But, they'll still split carries and the split will resemble what we saw in 2006, with Addai netting 226 carries and 40 receptions and Rhodes with 187 carries and 36 receptions, so neither is going to be a workhorse back that will get the bulk of the touches on the season and therefore neither is worth drafting in the first round, particularly Addai.

Addai will get drafted earlier in most leagues since he is the incumbent and Brown should still be there in the fifth or sixth round, where he'll have better value than Addai.

Chris Johnson or LenDale White?:

Well, obviously Chris Johnson is the more favored player, since he is one of the top five players in all of fantasy football.  But, is he a better choice in terms of value than White?

Johnson had only 51 more carries than White in 2008 and, even though Johnson gained 450 more yards on those carries, White had 15 touchdowns compared to Johnson's seven.  If you're in a league where the player gets a point for every reception, then Johnson has more value, as he caught 43 passes and scored one receiving touchdown last season, as compared to only five receptions for White.

Johnson will likely get more touches this season, but White will still get carries inside the goal line.  White will still get his fair share of touches, considering the that Titans really like to run the ball.

Both players should be productive and at least live up to their draft status, so if you don't have a top five pick, take Johnson.  If not, wait and take White.  Either way, it appears as though you won't be disappointed.

Williams had a breakout 2008, but Stewart waits in the wings
Jed Jacobsohn/Getty Images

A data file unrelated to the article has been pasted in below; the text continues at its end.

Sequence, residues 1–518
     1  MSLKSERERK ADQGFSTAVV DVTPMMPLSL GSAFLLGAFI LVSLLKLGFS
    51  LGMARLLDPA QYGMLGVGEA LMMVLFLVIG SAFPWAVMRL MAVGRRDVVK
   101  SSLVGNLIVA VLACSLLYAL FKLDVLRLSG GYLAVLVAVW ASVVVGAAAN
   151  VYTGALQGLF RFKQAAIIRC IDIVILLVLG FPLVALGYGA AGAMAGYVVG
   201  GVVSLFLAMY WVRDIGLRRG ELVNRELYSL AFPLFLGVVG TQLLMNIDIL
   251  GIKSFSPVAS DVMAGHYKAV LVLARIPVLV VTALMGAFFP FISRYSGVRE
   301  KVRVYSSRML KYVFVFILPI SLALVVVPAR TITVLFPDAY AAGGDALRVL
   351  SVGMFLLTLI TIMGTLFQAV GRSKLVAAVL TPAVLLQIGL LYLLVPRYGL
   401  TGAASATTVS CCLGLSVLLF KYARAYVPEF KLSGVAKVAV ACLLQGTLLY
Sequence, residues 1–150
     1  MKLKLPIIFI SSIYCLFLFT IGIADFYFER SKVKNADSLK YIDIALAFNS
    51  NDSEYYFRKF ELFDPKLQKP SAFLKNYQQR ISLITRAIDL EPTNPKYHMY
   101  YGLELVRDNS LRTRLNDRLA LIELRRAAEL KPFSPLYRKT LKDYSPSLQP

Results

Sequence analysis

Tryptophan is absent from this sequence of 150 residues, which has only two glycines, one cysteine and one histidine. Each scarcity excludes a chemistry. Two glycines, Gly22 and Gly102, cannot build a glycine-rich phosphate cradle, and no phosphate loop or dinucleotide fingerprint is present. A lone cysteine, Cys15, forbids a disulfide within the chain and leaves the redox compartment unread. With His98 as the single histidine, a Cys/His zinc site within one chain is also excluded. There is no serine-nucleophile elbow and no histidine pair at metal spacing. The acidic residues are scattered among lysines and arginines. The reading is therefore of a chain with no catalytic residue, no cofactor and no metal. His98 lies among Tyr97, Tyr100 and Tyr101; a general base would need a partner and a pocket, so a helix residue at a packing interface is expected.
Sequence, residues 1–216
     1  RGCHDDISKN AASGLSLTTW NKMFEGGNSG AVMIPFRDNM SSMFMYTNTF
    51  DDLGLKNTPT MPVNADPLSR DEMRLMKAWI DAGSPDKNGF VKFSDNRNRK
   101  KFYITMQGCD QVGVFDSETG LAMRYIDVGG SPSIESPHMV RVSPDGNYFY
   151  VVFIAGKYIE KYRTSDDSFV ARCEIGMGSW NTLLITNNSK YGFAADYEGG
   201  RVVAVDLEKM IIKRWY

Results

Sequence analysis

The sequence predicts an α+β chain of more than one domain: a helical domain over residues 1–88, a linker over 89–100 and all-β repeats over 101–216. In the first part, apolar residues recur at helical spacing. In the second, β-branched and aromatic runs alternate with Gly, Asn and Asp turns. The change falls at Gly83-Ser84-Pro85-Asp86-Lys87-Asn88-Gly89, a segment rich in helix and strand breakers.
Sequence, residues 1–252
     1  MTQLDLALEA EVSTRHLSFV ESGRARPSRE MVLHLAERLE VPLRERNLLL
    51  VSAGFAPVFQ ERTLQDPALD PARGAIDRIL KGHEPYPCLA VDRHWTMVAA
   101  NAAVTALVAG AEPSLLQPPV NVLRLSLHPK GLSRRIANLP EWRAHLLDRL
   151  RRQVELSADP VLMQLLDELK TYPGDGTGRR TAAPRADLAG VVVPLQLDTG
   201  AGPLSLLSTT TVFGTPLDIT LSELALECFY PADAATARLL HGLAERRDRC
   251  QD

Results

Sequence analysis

DeAngelo Williams or Jonathan Stewart?:

This is another situation where one player has a decided edge, but they are backed up by an accomplished player that will get most of the touches inside the ten.  Williams had a breakout season in 2008 and was the number one running back in fantasy football.

With questions surrounding how many touches Stewart will get and where he'll get them, Williams has fallen towards the bottom of the top ten, being ranked anywhere from seventh to ninth.

Although Stewart was hurt a great deal last season, he was still on the team and Williams was able to fight him off and take most of the carries, yards, and touchdowns.  Stewart will be more of a factor this year, but isn't worth taking in the first nine rounds.

If you have the eighth or ninth pick in your draft and Williams is there, I would suggest taking him, as I expect him to come close to his 2008 production.

Willie Parker, Rashard Mendenhall, or Mewelde Moore?:

Parker has struggled with injuries the past two seasons and the Steelers once vaunted rushing attack has faltered as well.  But, the fact remains that they are committed to running the ball and there should be plenty of touches to go around.  The question here is who will get those touches?

Mike Tomlin appears to be as committed to Parker as he is to running the ball, as Parker had the bulk of the carries for the team before he was placed on injured reserve at the the end of the 2007 season and before he missed time with a nagging knee injury in 2008.

As a matter of fact, Mendenhall never established himself last season since he broke he was placed on injured reserve before the middle of the season and Moore was not given any touches until Parker was scratched from the lineup.

Parker, if healthy, should again get the lion's share of the touches in 2009.  Since there are two other men on the depth chart, many fantasy owners will be wary of him and you might be able to snag him at the end of the second or early third round.  If he does stay healthy in 2009, that would be a very good bargain pick, as he would appear to be the favorite to touch the ball for the Steelers in the coming season.